- 2. The nature of the procedure itself.
This will most likely be a brief explanation of what the procedure or other intervention involves, including the technical details of the procedure. Be sure to understand exactly what is going to happen during the procedure so that you know what to expect, and minimize any unwanted anxiety you may have on the day of the procedure.
- 3. Risks and Possible Complications
This is probably one of the most concerning components of informed consent, which many patients readily request as soon as an invasive procedure is suggested by their physician. Be sure to understand that many procedures are accompanied by risks, such as bleeding or infection, and although in many cases the presented risk is slight, and must be weighed against the expected benefit, such risks must be presented to you before you give your consent.
- 4. The presence of suitable alternatives
Your physician must also explain to you any potential alternative procedures, interventions, and treatments which may be substituted for the procedure or treatment in question, or otherwise suitable for your health condition. These may even include non FDA approved treatments such as herbal remedies, if the patient chooses such an approach to treatment. Important information to note is how alternatives differ from the suggested intervention in terms of diagnostic and therapeutic ability. By being presented with all the possible treatment options, you may choose what you believe to be the best option for you.
How can I give my consent?
You may give your consent for the procedure either verbally or in written form. Many hospitals and clinics will require you to sign a written medical consent form for medico-legal purposes. However, keep in mind that even written consent can be revoked verbally at any time.
The Right to State DNR orders:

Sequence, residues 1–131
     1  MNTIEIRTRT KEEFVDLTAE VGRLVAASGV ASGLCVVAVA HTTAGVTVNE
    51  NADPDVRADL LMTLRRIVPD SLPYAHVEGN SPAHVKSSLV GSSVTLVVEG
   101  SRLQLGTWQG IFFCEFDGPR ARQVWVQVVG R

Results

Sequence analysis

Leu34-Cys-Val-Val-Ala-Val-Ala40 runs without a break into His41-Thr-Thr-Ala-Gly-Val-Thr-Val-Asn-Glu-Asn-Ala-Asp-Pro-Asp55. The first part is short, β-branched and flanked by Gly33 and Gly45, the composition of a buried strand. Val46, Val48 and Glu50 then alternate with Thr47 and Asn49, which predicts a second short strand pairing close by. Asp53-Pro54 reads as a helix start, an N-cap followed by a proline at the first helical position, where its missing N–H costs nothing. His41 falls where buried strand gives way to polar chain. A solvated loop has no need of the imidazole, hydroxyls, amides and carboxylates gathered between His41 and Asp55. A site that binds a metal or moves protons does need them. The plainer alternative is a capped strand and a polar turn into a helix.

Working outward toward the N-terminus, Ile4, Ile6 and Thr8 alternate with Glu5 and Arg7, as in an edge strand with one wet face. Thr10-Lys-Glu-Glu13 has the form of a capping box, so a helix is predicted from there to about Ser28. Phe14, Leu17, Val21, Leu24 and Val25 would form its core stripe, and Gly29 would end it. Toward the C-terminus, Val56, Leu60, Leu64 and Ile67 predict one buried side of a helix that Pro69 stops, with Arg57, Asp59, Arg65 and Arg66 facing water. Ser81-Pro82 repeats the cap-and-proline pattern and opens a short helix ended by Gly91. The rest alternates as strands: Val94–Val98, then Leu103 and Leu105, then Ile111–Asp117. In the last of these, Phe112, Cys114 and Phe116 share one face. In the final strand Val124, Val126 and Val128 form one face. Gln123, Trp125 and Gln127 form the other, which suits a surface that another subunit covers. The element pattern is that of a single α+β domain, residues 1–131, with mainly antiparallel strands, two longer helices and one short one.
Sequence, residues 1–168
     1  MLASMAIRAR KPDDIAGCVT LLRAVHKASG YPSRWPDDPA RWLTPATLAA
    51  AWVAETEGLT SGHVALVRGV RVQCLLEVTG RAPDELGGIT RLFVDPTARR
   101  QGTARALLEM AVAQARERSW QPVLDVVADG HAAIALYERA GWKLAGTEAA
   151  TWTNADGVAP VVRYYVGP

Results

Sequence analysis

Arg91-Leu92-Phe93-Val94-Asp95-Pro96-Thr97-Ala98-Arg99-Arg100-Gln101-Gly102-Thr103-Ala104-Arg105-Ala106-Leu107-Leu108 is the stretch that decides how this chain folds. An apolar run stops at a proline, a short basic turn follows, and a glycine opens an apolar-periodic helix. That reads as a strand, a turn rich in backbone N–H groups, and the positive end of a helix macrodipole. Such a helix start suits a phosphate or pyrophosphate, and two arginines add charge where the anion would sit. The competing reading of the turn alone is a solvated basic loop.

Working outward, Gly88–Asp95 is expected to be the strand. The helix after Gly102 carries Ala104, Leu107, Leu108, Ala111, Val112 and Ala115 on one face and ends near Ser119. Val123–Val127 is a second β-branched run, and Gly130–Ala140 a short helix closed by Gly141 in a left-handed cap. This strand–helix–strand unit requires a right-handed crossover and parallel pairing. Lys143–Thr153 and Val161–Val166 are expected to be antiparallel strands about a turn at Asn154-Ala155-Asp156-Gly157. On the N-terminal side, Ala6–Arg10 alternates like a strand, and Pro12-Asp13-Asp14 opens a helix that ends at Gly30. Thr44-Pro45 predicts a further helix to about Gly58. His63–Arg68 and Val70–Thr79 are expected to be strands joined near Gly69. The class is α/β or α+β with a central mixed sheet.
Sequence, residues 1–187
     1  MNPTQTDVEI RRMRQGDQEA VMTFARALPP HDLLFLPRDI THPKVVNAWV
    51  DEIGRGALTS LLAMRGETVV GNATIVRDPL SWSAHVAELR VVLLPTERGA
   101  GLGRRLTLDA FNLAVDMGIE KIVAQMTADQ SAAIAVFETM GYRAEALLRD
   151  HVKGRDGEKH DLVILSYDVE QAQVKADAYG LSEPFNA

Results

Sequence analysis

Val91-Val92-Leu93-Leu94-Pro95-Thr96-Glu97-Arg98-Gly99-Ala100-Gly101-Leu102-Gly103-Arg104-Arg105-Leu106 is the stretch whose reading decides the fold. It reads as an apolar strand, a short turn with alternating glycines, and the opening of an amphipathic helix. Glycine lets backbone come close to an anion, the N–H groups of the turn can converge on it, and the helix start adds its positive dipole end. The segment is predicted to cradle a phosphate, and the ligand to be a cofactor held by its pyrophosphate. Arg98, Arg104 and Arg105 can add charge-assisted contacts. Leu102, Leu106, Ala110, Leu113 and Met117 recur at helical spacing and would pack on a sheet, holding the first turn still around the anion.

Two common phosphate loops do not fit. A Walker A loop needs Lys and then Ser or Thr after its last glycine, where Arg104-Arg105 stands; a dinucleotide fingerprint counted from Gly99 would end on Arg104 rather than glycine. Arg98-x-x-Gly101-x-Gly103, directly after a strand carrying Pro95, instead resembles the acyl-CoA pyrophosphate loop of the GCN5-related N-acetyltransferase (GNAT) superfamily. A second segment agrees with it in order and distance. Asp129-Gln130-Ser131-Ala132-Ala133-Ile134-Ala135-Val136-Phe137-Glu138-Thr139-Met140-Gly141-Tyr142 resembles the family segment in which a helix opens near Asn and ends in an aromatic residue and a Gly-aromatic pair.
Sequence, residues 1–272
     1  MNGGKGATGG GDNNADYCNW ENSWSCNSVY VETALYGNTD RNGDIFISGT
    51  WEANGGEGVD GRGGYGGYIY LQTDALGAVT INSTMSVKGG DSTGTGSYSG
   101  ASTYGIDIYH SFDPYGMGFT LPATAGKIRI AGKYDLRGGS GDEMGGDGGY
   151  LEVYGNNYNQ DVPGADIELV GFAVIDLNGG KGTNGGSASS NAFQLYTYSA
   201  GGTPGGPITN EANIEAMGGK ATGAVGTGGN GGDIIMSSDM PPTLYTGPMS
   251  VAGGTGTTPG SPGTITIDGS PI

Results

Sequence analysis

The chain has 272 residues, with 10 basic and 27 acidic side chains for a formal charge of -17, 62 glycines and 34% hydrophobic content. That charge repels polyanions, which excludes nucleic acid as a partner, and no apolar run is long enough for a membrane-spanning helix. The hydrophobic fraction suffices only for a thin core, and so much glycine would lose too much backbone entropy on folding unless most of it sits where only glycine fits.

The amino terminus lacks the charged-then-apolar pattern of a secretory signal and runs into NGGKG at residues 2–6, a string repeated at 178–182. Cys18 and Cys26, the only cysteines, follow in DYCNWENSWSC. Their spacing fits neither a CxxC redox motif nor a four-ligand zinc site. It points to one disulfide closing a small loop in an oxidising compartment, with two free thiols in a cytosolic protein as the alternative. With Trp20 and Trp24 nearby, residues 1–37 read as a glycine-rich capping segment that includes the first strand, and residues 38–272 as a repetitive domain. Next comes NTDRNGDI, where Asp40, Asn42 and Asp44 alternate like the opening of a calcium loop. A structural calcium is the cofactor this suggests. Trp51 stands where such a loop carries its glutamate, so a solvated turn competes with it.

DNR means “Do not resuscitate.” In the event that for some reason you experience some form of cardiopulmonary arrest in which your circulation or breathing stop, you may not want to be subject to the traumatic experience of cardiopulmonary resuscitation or CPR. You should state such wishes early in the course of treatment, and physicians are obligated to follow them. Keep in mind that DNR orders do not influence any ongoing treatments or medications you are currently receiving, and such interventions will continue.
You Decide When Treatment Stops
Although in some cases there may simply be no more treatment options which can be offered to the patient, a bleak appearing outcome is never an absolute indication to discontinue treatment. As long as you wish to receive treatment you may do so, despite an unfavorable or futile prognosis regarding your health condition.
Understand your Rights
This is only an overview of some of the most important rights you have as a patient. The list is not all encompassing, and you do have rights beyond these, as there are special rights for subcategories of patients, such as the mentally ill for example. By understanding these rights, you can carefully consider your options, request the correct information from your physician, and enhance the efficiency of the doctor-patient relationship to communicate your wishes regarding your health care more efficiently.